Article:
Abstract: Protein Immobilization Through the Use of Unnatural Amino Acids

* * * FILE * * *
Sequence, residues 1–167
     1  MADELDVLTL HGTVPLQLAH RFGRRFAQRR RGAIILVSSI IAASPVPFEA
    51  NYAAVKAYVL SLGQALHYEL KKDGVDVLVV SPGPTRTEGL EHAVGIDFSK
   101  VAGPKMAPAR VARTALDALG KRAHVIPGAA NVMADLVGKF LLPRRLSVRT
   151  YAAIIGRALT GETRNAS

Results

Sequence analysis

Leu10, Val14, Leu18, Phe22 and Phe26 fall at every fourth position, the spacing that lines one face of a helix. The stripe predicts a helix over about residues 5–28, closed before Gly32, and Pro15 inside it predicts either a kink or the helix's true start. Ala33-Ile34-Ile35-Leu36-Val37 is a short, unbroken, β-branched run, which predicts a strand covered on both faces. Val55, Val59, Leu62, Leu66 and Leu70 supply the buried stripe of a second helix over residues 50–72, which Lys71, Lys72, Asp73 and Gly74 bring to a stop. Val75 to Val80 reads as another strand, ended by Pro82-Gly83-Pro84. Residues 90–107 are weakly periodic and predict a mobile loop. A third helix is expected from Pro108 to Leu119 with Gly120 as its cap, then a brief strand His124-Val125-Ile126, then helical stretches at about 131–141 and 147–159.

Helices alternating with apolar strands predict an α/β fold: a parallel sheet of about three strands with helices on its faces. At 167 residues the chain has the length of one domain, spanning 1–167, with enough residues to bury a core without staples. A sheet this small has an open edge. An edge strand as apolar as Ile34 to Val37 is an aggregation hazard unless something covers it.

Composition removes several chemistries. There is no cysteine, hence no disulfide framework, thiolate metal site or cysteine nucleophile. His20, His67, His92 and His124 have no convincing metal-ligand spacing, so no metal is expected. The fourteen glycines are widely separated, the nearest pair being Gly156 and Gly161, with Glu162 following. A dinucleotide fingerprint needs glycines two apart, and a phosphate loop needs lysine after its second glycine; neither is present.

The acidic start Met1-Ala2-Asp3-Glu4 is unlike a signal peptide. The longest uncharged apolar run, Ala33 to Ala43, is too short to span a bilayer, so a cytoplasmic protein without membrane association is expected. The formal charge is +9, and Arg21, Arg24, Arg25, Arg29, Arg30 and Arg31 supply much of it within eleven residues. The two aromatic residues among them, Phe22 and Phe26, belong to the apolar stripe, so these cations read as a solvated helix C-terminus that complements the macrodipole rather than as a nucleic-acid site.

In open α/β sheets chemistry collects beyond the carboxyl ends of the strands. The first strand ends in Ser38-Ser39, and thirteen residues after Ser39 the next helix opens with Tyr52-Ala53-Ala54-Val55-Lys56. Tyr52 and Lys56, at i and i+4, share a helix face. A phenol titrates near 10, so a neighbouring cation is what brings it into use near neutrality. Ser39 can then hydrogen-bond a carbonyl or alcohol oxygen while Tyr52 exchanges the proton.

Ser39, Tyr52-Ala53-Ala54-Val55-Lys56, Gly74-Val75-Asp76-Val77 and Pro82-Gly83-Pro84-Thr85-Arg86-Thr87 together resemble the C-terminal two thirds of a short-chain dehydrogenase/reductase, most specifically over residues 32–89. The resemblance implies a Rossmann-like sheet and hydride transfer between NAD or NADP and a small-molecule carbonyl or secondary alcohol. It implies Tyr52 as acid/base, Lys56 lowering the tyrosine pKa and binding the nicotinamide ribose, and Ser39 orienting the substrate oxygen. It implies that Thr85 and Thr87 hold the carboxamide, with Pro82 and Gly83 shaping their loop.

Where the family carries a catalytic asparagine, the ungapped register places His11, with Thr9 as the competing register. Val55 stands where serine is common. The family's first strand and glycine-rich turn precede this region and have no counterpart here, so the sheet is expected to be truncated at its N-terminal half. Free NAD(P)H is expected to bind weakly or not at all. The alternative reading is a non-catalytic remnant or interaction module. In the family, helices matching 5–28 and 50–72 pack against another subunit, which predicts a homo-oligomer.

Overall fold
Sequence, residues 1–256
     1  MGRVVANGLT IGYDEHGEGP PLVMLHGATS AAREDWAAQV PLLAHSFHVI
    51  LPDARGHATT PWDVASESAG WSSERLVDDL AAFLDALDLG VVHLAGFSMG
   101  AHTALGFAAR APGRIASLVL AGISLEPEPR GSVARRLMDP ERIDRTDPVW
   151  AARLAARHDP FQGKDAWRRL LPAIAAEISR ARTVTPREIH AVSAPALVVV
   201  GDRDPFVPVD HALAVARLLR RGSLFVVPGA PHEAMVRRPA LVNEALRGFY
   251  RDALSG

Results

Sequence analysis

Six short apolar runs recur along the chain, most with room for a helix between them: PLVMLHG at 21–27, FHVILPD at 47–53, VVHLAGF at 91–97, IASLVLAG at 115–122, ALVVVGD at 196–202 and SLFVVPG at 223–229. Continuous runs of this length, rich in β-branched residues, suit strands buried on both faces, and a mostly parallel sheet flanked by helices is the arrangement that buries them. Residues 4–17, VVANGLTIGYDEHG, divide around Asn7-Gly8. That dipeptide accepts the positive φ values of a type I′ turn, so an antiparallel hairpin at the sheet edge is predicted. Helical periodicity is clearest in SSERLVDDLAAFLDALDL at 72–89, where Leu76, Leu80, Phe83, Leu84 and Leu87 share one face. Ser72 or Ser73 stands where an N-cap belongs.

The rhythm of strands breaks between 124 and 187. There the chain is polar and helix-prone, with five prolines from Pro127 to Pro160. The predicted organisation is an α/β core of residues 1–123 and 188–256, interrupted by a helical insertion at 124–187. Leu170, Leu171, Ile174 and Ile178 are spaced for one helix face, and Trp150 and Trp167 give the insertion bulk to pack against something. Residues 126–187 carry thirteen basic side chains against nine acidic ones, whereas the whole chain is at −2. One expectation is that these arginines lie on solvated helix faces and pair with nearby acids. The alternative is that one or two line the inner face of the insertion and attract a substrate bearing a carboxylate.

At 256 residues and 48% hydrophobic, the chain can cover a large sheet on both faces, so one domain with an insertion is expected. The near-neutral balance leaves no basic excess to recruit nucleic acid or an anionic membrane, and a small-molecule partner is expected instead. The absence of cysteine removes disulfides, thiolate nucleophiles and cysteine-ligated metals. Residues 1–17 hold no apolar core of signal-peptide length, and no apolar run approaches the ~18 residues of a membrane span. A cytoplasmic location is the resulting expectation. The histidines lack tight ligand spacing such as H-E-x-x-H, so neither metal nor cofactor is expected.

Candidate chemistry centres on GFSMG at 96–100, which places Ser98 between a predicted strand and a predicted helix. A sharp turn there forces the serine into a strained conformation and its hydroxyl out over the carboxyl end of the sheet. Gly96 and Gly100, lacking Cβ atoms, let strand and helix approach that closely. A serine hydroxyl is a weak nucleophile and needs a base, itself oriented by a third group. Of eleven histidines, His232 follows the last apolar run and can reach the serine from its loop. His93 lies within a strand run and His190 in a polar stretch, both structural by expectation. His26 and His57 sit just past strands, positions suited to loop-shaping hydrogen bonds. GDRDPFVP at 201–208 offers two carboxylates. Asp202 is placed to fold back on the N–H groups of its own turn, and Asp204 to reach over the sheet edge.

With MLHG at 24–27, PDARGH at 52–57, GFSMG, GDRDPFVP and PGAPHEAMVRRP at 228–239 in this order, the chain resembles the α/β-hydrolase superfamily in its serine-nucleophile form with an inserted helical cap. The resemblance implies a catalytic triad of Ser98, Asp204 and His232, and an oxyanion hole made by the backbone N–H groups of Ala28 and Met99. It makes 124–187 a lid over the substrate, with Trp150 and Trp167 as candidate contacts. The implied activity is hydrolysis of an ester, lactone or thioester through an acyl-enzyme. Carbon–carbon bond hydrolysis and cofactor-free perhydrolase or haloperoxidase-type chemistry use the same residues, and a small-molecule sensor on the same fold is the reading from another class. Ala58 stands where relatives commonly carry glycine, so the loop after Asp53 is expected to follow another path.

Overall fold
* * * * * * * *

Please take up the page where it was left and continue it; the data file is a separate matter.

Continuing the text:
The focus of my research this summer with Dr. Young’s lab is improving biochip technology though the use of unnatural amino acids. A biochip is a collection of miniaturized test sites attached to a solid substrate. While only about the size of a fingernail, these microscopic laboratories can run thousands of biochemical reactions at the same time. These biochips have the potential to test for an array of different diseases simultaneously, including diabetes, cancer, HIV/AIDS, and other autoimmune diseases. The potential for this technology is tremendous; these biochips can become a point-of-care diagnostic tool that is fast, effective, economical, and minimally invasive. However, the efficacy of these tests relies on immobilization of proteins, which has not been fully perfected in recent years. My research aims to develop a process for protein immobilization through the use of unnatural amino acids. Solving these issues has the potential to have a significant impact on disease diagnosis and prevention on a global scale.